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    Continuing Irresolution

    In the ongoing fight to protect the American people from Obamacare, the next opportunity to deal a significant blow will be the next Continuing Resolution. Establishment politicians of both parties will try to continue the warped practice of allowing the federal government to trundle on. Defenders of liberty and limited government activists should take this opportunity not just to stop Obamacare, but to begin slowing runaway government.

    Senator Mike Lee has introduced what some are calling a line in the sand, circulating a letter whose signers declare not to fund Obamacare on any CR vote.  From the letter:

    If the administration will not enforce the law as written, then the American people should not be forced to fund it.

    [...]

    For these reasons, we will not support any continuing resolution or appropriations legislation that funds further implementation or enforcement of Obamacare.

    At Redstate, Illinois conservative Ulysses Arn provides a good rundown of the reaction, which included:

    Opponents of that plan say that it cannot succeed, dismissing it as disastrous, the dumbest thing they've ever heard, and even dishonest. Karl Rove called it a "game of chicken," his ideas thoroughly debunked by FreedomWorks' Dean Clancy.

    Opponents say that media and public reaction to the plan will be negative, causing it to fail as members abandon it. They go on to conclude that the failure will thus strengthen the hand of the President in his illegal, uneven enforcement of the law, and the overall debacle would further diminish opponents' electoral chances in 2014 and 2016.

    But much of the opposition to the Lee letter is fear that if the strategy should fail -- for instance, if the same people now criticizing it grew weak -- it would fail hard.

    Obamacare is a disaster being willfully forced on the American people, but so is much of the rest of the federal government.  Limited government advocates should be demanding, before a CR will go forward, some mixture of the following or similar demands:

    • A Balanced Budget Amendment sent to the state legislatures
    • Repeal of the 16th Amendment (income tax) sent to the states 
    • Repeal of the 17th Amendment (direct election of Senators) sent to the states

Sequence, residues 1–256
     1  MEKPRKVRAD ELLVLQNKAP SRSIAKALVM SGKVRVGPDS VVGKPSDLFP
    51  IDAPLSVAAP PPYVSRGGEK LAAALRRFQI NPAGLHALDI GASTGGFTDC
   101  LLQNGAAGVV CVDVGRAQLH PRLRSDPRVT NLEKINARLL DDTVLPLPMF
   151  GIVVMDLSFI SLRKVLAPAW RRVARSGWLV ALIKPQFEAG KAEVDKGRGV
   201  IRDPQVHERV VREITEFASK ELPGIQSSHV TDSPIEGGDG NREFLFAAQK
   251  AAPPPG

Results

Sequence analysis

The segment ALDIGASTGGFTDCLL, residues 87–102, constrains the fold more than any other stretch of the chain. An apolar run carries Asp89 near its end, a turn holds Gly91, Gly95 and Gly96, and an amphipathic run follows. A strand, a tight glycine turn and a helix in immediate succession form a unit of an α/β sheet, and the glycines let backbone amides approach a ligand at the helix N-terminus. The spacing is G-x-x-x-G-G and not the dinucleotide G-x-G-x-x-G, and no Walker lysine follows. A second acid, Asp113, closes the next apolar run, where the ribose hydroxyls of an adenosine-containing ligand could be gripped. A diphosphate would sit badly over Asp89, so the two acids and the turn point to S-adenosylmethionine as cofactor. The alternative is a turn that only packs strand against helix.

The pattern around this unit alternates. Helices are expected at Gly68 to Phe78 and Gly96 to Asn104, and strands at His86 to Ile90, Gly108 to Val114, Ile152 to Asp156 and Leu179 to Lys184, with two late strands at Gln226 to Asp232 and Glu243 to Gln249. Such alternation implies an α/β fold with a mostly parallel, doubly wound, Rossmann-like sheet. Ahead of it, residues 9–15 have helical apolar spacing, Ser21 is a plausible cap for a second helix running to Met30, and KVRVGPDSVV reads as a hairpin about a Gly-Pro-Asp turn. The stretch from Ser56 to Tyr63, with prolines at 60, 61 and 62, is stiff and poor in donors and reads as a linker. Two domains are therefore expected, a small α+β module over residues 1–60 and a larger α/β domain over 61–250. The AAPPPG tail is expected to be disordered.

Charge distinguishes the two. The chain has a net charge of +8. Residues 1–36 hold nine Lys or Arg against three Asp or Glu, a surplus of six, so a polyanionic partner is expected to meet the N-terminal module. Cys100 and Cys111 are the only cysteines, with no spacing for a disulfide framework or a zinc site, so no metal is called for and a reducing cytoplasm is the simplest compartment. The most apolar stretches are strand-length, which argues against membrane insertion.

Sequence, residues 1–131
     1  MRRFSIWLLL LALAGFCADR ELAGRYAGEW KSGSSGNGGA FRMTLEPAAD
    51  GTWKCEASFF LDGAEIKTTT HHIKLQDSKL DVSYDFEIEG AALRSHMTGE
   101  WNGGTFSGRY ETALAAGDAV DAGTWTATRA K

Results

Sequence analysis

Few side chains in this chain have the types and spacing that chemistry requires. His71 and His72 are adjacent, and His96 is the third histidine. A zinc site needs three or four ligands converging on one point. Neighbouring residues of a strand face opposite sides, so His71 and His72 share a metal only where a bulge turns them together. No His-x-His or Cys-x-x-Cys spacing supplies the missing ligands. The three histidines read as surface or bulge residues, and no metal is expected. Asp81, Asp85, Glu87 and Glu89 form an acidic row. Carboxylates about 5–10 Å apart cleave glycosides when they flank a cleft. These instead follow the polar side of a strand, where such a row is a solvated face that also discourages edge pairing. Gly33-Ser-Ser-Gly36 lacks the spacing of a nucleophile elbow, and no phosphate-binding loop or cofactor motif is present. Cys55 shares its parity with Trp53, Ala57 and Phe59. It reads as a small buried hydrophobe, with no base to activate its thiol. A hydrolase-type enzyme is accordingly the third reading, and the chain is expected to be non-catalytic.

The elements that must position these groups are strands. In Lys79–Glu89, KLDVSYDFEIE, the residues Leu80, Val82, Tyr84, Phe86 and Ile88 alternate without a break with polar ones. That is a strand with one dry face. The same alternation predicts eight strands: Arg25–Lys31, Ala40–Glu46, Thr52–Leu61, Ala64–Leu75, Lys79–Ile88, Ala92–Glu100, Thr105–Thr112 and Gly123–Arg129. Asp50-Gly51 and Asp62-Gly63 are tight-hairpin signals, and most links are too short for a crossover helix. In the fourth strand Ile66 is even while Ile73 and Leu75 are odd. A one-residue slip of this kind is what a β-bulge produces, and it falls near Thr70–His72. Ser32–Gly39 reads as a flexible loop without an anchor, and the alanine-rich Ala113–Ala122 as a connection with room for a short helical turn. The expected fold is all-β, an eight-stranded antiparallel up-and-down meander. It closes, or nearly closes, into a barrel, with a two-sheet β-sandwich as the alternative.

• An amendment forcing term limits on all federal elected officials 
    • Shuttering and defunding the departments of Education, Energy, Transportation, and Labor
    • Full Repeal of Obamacare
    • Lee letter defunding
    • Get the IRS out of Obamacare
    • The administration accepting defeat in Halbig v Sebelius, acknowledging that tax subsidies and penalties only apply in states with state-created Exchanges
    • Resignation of Kathleen Sebelius

    Forget whether you agree with all of those demands or not -- I'm not sure I do. The point is to change the terms and scale of the negotiations from just defunding Obamacare to a frontal attack on the entire leftist agenda. 

    The Speaker would feel much more free to negotiate away items off  that list of demands, showing that he is not intransigent.  Among other demands, at least Obamacare defunding should not be considered negotiable. 

    Before and during a shutdown, Republicans could even pass House bills funding various parts of the government, but including the specific language removing all funding from Obamacare.

    As negotiations proceed, there will be ample opportunity for the president to accede to demands other than defunding.

    The Democrat Media Complex would almost certainly win the short term public opinion battle.  Showing the fortitude to stick to principles in the face of challenge would do wonders for the Speaker's approval rating, and that of his party, in the long run.

    President Obama would sign the Obamacare-free CR if he believed he could use it to advance a single-payer solution, or if he thought doing so would allow him to take the House and get to 60 votes in the Senate for his lame duck years. That would be dangling a carbon tax, single payer, an end to House investigations, and a Republicanless immigration law in front of his eyes. He could be the new FDR for generations.

    Standing firm on a shutdown as outlined above would not hurt Republicans in 2014 or 2016. With the law defunded, but still on the books, the issue would still be alive, and yet Republicans would have shown themselves willing to do what they were elected to do.

    Those on the right decrying a shutdown strategy altogether are signaling that Republicans are unserious about any demands they make. Since Obama is not afraid of Republicans, he can simply stick to his guns and get his way.

    If Republicans are not willing to shut down the government, they cannot ask anything. Even losing a few House seats would be acceptable if Democrats could be made to believe the threat of a shutdown next time. As it is, the president knows he can just demand whatever he wants, and Republicans will back down. 

    Go big. Demand more than your bottom line. Don't let your bargaining opponent know your bottom line. Don't be afraid to win.